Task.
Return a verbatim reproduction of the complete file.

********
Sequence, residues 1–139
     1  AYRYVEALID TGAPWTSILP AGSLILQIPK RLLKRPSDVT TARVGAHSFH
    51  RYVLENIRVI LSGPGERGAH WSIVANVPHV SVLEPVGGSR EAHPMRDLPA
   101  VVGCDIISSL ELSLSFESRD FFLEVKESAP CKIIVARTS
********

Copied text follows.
Sequence, residues 1–139
     1  AYRYVEALID TGAPWTSILP AGSLILQIPK RLLKRPSDVT TARVGAHSFH
    51  RYVLENIRVI LSGPGERGAH WSIVANVPHV SVLEPVGGSR EAHPMRDLPA
   101  VVGCDIISSL ELSLSFESRD FFLEVKESAP CKIIVARTS